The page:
June 28, JASSY MASSACRE (Romania) - Romanian and German troops murdered thousands of Jews and deported the rest with the active participation of local residents. It is estimated that there were 12,000 victims. Jassy had been considered the capital of Romanian anti-Semitism during the late 19th century when Alexander Cuza, the Romanian nationalist and anti-Semite, taught at the university. After the Antonescu government seized power in November 1940, Jassy became the "capital of the Iron Guard." [111] (103)

    July 21, - 1944 July 24, MAJDANEK/Maidanek (Lublin, Poland) - Concentration and death camp. It was originally established as a camp for prisoners of war and only became a death camp in the beginning of 1942. It was the largest concentration camp in the General Government and had one of the highest rates of natural deaths. At least 130,000 Jews were murdered in the camp, which was run by Anton Thumann. He was sentenced at the British Neuengamme Trials in March 1946 and executed October 8th 1946. [111] (103)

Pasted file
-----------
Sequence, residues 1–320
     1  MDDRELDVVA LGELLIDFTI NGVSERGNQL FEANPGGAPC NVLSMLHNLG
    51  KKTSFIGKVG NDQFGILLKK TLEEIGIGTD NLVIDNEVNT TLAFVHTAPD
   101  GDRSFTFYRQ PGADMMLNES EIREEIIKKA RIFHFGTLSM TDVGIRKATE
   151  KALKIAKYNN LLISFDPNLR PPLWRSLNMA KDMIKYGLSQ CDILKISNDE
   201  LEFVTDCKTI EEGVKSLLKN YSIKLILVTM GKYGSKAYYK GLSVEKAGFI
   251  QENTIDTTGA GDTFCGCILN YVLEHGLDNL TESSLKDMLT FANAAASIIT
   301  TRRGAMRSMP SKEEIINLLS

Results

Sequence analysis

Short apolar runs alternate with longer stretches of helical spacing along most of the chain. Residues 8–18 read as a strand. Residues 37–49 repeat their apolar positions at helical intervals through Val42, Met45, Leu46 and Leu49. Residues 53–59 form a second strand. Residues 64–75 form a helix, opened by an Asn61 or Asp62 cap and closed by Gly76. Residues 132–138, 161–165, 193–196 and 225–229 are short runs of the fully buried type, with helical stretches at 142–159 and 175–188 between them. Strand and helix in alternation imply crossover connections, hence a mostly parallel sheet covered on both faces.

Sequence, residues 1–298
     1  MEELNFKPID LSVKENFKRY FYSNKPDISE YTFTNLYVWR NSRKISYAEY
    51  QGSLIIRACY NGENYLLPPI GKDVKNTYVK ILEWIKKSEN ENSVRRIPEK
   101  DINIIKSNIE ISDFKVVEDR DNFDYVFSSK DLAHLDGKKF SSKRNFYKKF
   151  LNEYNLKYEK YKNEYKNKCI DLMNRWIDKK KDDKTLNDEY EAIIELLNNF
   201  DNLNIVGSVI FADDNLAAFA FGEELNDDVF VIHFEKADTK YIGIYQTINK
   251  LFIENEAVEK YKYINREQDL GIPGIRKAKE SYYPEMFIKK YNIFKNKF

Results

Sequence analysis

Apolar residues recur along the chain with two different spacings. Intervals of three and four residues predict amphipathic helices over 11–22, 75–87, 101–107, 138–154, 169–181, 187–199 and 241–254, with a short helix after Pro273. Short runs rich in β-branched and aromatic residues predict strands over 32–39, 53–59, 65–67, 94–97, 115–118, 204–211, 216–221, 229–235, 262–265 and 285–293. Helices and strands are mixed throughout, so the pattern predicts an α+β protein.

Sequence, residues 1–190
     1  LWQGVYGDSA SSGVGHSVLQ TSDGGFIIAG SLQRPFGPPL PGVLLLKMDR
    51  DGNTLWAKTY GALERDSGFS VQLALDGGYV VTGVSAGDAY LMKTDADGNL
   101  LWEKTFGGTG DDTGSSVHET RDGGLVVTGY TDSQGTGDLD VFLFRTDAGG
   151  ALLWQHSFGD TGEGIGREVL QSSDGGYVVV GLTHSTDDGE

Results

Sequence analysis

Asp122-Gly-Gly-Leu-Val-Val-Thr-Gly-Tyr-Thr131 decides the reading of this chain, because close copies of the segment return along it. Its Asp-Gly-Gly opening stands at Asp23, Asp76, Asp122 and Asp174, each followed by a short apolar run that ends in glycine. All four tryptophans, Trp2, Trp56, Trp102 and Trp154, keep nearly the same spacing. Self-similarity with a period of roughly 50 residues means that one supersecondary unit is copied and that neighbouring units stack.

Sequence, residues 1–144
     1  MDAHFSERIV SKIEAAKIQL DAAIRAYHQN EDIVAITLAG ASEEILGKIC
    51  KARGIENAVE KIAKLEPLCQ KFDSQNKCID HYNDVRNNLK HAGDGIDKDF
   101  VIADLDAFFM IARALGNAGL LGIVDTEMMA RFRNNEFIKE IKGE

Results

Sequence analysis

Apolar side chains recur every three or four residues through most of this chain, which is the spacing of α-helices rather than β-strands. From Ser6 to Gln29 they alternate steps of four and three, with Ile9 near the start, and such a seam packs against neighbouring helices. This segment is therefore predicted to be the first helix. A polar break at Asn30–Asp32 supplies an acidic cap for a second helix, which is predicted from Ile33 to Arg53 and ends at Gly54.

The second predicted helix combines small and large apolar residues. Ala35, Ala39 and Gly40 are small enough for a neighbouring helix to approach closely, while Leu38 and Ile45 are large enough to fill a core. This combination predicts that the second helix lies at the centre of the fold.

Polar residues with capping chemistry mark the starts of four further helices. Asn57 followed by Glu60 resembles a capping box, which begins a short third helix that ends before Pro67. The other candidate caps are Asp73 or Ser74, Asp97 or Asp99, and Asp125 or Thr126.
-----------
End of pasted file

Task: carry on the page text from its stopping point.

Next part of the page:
August 7, MARSHAL PETAIN (France) - Asked the Vatican for guidance regarding upcoming anti-Jewish actions. French Ambassador Leon Bernard consulted with Pope Pius XII, who quoted Thomas Aquinas: since Jews are destined to perpetual slavery, anti-Jewish measures may be enacted. The Vatican also had no desire to argue with the Vichy government over "the Jewish statute." [111] (103)

    August 21, LEON TROTSKY (Lev Davidovich Bronstein) (Mexico) - Was murdered on Stalin's order. In his last years he had tried to set up an independent movement known as the Fourth International as opposed to the Third (Communist) International, but did not succeed. Trotskyism became tantamount to treason throughout the Soviet Union. [111] (103)